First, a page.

Reduced Cerebral Blood Flow in Mild Cognitive Impairment Assessed Using Phase-Contrast MRI
Reyes García de Eulate 1 , Irene Goñi 1 2 , Alvaro Galiano 1 , Marta Vidorreta 3 , Miriam Recio 4 , Mario Riverol 4 , José L Zubieta 1 , María A Fernández-Seara 1 2
There is increasing evidence of a vascular contribution to Alzheimer's disease (AD). In some cases, prior work suggests that chronic brain hypoperfusion could play a prime pathogenic role contributing to the accumulation of amyloid-β,while other studies favor the hypothesis that vascular dysfunction and amyloid pathology are independent, although synergistic, mechanisms contributing to cognitive impairment.
Vascular dysfunction can be evaluated by assessing cerebral blood flow impairment. Phase contrast velocity mapping by MRI offers a non-invasive means of quantifying the total inflow of blood to the brain.
This quantitative parameter could be a sensitive indicator of vascular disease at early stages of AD. In this work, phase contrast MRI was used to evaluate cerebral hemodynamics in patients with subjective memory complaints, amnestic mild cognitive impairment, and mild to moderate AD, and compare them with control subjects.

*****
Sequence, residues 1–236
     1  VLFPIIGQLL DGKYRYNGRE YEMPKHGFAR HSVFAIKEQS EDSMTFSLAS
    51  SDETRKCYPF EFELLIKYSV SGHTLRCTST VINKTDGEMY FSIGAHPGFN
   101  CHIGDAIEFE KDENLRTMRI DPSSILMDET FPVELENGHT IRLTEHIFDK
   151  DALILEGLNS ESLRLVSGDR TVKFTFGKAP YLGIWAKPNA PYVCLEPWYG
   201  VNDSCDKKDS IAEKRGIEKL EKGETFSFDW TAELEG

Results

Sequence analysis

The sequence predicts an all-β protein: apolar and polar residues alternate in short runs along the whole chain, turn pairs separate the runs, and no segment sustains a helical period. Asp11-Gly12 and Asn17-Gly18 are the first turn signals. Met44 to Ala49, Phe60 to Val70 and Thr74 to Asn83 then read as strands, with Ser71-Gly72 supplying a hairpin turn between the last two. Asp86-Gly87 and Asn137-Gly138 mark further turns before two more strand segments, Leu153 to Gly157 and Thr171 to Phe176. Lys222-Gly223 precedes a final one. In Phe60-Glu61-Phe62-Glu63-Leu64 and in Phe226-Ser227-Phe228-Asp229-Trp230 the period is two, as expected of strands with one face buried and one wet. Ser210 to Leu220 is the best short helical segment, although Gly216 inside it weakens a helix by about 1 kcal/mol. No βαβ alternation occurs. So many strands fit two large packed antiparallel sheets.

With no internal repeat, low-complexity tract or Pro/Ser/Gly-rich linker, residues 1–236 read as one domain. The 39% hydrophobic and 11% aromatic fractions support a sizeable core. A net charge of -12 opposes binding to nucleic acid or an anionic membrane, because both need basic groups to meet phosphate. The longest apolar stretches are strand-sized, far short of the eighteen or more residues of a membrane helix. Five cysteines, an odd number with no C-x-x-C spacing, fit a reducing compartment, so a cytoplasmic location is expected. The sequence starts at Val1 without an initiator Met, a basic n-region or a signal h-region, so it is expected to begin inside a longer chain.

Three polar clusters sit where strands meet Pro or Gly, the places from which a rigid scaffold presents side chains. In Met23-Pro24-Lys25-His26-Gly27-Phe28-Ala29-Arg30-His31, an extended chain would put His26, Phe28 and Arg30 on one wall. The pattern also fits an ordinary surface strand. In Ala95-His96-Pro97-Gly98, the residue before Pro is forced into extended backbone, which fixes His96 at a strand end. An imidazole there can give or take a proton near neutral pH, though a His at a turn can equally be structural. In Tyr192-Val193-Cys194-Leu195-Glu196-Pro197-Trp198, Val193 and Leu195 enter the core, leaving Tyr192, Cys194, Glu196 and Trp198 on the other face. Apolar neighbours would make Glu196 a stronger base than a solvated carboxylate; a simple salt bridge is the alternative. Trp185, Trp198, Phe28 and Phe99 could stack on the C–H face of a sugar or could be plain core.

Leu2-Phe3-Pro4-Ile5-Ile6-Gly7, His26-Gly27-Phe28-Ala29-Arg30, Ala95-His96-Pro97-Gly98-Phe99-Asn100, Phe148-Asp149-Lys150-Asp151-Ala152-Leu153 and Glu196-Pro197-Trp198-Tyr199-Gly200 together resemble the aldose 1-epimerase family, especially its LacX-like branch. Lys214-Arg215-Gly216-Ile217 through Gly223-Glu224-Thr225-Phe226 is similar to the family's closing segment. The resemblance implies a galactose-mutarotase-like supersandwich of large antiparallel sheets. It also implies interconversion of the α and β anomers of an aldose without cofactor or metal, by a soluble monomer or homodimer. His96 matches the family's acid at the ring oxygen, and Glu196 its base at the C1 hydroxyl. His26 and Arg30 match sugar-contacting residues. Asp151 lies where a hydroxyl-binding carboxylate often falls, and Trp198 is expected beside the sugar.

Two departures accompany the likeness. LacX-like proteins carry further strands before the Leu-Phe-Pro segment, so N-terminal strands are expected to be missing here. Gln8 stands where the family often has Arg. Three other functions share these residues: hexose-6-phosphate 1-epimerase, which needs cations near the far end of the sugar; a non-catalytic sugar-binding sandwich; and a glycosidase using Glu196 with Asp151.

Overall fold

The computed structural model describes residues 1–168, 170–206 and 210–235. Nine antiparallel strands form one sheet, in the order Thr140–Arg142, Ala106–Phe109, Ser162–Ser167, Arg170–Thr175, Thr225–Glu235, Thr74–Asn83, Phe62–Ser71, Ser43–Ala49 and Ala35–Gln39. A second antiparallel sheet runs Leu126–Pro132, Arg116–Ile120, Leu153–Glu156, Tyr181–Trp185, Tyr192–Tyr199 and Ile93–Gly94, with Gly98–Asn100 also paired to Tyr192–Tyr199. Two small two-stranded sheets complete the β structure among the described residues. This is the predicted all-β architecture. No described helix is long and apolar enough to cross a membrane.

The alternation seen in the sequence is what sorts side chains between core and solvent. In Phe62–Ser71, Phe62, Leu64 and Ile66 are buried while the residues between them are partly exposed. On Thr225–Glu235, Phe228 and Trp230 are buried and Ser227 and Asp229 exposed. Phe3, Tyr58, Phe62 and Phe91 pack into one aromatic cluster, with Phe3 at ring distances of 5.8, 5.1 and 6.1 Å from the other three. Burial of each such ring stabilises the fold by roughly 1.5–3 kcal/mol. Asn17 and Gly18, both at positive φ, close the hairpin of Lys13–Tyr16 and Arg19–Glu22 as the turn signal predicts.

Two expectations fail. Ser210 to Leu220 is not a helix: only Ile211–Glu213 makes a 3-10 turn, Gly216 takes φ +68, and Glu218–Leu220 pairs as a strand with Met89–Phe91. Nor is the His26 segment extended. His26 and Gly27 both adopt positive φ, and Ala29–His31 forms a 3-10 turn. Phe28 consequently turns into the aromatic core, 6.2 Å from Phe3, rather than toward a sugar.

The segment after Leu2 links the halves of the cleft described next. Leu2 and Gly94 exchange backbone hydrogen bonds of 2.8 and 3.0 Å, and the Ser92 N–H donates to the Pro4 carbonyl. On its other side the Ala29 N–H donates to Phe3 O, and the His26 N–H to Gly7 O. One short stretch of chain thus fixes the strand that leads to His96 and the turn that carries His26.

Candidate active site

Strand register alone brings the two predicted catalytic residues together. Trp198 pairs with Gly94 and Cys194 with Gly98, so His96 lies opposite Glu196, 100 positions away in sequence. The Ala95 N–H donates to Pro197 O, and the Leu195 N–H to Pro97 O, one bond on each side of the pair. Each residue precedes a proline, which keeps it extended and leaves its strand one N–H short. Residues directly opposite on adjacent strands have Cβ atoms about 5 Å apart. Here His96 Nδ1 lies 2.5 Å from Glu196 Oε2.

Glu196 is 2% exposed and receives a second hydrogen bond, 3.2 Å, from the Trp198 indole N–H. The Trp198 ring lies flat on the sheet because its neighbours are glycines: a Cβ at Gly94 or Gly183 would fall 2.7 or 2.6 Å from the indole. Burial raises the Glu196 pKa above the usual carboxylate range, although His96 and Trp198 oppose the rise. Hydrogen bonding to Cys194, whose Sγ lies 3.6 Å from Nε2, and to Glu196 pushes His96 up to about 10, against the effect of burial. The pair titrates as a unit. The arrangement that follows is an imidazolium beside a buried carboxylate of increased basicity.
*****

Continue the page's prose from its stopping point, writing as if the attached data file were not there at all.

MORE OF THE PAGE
Results showed that blood flow and velocity were decreased in the patients with cognitive dysfunction and the decrease correlated with the degree of cognitive impairment as assessed by means of neuropsychological tests.
Total cerebral blood flow measurements were clearly reduced in AD patients, but more importantly appeared to be sensitive enough to distinguish between healthy subjects and those with mild cognitive impairment. A quantitative measurement of total brain blood flow could potentially predict vascular dysfunction and compromised brain perfusion in early stages of AD.